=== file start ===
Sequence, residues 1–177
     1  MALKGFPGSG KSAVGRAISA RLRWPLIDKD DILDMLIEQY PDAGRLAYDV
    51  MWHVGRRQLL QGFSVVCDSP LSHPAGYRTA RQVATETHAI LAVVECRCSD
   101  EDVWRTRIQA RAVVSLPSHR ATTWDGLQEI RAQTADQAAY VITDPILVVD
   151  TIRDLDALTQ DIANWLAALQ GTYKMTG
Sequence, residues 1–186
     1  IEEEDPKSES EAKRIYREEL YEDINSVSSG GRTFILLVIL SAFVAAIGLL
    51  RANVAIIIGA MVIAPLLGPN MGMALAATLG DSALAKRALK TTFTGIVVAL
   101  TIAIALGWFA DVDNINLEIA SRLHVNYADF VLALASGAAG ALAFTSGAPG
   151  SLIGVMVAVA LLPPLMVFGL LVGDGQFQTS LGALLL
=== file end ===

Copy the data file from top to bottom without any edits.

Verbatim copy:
Sequence, residues 1–177
     1  MALKGFPGSG KSAVGRAISA RLRWPLIDKD DILDMLIEQY PDAGRLAYDV
    51  MWHVGRRQLL QGFSVVCDSP LSHPAGYRTA RQVATETHAI LAVVECRCSD
   101  EDVWRTRIQA RAVVSLPSHR ATTWDGLQEI RAQTADQAAY VITDPILVVD
   151  TIRDLDALTQ DIANWLAALQ GTYKMTG
Sequence, residues 1–186
     1  IEEEDPKSES EAKRIYREEL YEDINSVSSG GRTFILLVIL SAFVAAIGLL
    51  RANVAIIIGA MVIAPLLGPN MGMALAATLG DSALAKRALK TTFTGIVVAL
   101  TIAIALGWFA DVDNINLEIA SRLHVNYADF VLALASGAAG ALAFTSGAPG
   151  SLIGVMVAVA LLPPLMVFGL LVGDGQFQTS LGALLL